Observations Upon the Prophecies of Daniel and the Apocalypse of St. John.
To Newton, the study of God's nature and His Bible were all part of
his overwhelming desire to know God.
Newton's religious fervor brought him many admirers. A renowned Frenchman
tried to establish a Religion of Newton church, and another Frenchman
severely criticized England for not giving due respect to Newton's
divinity. In his view, the calendar should be changed to start with
Newton's birthday, and a church should be built at Newton's birthplace.
This was about the world's leading scientist!
Newton had a deep reverence for God, commenting that "the supreme God is a
Being eternal, infinite, absolutely perfect." To him God was a very
personal Being who loves us and whom we should love and respect. There is
a ring of simple sincerity as Newton urges that "we must believe that
there is one God or supreme Monarch that we may fear and obey him and keep
his laws and give him honour and glory. We must believe that he is the
father of whom are all things, and that he loves his people as his
children that they may mutually love him and obey him as their father."
implications for modern science
scientific community has not followed Newton's example in combining faith
and science; instead it has followed Darwin. In Newton's time, God was an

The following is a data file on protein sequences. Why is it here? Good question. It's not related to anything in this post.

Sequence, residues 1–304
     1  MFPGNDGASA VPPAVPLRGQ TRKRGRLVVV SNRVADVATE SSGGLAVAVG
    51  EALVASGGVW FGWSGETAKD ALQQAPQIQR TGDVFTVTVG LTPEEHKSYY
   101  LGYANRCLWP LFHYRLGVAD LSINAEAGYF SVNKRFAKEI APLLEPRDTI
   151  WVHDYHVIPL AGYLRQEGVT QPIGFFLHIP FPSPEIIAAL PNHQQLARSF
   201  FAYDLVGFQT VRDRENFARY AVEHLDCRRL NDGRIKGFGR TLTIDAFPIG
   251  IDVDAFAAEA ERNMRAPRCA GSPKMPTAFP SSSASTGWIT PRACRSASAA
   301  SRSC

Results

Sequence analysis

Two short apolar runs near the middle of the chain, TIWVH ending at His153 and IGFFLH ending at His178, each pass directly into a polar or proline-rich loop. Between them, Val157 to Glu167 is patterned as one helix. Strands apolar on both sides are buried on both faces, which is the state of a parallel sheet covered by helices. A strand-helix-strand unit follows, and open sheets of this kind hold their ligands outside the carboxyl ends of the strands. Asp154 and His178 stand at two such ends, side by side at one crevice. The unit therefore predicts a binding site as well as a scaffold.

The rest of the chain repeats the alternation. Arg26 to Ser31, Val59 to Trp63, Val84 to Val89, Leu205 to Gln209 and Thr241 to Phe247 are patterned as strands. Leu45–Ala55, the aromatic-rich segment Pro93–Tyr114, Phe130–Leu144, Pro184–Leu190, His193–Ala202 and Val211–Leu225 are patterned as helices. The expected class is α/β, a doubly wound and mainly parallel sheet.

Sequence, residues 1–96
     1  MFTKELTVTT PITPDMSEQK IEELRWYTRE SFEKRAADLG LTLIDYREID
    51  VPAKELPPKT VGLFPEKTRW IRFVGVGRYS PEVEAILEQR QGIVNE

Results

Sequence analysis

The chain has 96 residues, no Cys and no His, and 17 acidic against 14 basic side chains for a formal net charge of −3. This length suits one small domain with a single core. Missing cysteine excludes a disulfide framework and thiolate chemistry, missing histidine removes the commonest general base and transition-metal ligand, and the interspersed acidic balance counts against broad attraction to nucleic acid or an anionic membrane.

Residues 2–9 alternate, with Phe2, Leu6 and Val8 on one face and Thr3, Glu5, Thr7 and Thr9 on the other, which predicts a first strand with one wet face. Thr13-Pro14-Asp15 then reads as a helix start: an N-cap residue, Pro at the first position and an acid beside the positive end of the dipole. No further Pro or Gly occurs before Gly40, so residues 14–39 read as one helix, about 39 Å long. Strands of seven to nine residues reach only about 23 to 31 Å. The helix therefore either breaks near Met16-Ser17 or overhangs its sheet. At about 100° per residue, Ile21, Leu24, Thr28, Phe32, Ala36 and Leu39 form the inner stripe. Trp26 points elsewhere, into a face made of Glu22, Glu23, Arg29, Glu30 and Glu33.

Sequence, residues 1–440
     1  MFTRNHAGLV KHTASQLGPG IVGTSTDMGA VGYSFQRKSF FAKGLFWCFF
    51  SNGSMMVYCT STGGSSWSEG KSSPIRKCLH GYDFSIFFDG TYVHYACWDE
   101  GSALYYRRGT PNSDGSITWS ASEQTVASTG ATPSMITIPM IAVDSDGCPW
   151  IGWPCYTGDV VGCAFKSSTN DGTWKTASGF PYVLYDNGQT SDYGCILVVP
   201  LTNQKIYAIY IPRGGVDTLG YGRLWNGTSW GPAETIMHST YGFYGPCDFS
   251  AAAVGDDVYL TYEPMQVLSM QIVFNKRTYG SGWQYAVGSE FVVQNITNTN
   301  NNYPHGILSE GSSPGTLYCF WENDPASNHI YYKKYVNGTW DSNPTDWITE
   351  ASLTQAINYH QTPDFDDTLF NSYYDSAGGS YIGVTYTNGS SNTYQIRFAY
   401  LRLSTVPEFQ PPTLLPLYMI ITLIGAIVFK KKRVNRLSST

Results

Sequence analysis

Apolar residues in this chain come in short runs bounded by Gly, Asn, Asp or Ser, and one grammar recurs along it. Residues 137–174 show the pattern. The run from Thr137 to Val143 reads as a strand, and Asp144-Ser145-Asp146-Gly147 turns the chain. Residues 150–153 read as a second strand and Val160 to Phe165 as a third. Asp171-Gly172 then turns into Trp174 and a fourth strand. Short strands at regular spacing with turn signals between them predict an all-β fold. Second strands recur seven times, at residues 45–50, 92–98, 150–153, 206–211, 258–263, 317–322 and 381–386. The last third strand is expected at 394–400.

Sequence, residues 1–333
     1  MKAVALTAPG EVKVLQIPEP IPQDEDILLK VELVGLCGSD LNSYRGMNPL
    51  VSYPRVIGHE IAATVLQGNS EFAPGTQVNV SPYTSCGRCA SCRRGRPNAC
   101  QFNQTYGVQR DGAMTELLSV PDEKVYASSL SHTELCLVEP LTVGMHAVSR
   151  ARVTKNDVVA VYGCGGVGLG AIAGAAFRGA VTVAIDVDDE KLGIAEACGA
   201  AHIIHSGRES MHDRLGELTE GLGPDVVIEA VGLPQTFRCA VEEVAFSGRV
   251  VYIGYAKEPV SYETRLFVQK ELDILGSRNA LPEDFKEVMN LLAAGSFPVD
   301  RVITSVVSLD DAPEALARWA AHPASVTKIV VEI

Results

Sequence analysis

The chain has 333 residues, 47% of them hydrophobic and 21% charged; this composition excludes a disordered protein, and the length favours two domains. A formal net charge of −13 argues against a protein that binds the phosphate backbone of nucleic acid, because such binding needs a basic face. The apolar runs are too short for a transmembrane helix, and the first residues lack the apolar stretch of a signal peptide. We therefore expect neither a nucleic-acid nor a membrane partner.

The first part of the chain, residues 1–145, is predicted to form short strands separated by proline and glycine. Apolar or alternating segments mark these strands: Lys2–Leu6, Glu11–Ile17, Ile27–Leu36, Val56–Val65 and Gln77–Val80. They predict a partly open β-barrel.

integral part of science. Now many scientists still believe in God but
exclude Him from scientific explanations. Today's science is a secular
worldview that tries to explain most of reality within a limited
materialistic (mechanistic, naturalistic) outlook. In rejecting God,
science has become a closed system, unwilling to find truth wherever
scientific investigation may lead. Science cannot find God as long as it
excludes Him! At present, science has replaced God as the creator with
evolution, but scientists are finding serious flaws with the theory.
Science indulges in all kinds of speculative ideas and does not seem to
have a sound basis for excluding God because a lot of scientific data
points to God. As was the case for Newton, science can be a study of the
nature and the laws that God has created. Newton clearly demonstrated that
one can be a preeminent scientist and also include God in one's
conclusions. Sir Isaac Newton had it right!
by permission of the author. Ariel A. Roth, Ph.D. writes from Loma Linda,
California. He is a scientist and a former director of the Geoscience
Research Institute in Loma Linda that conducts scientific investigations
from the perspective of a creationist worldview.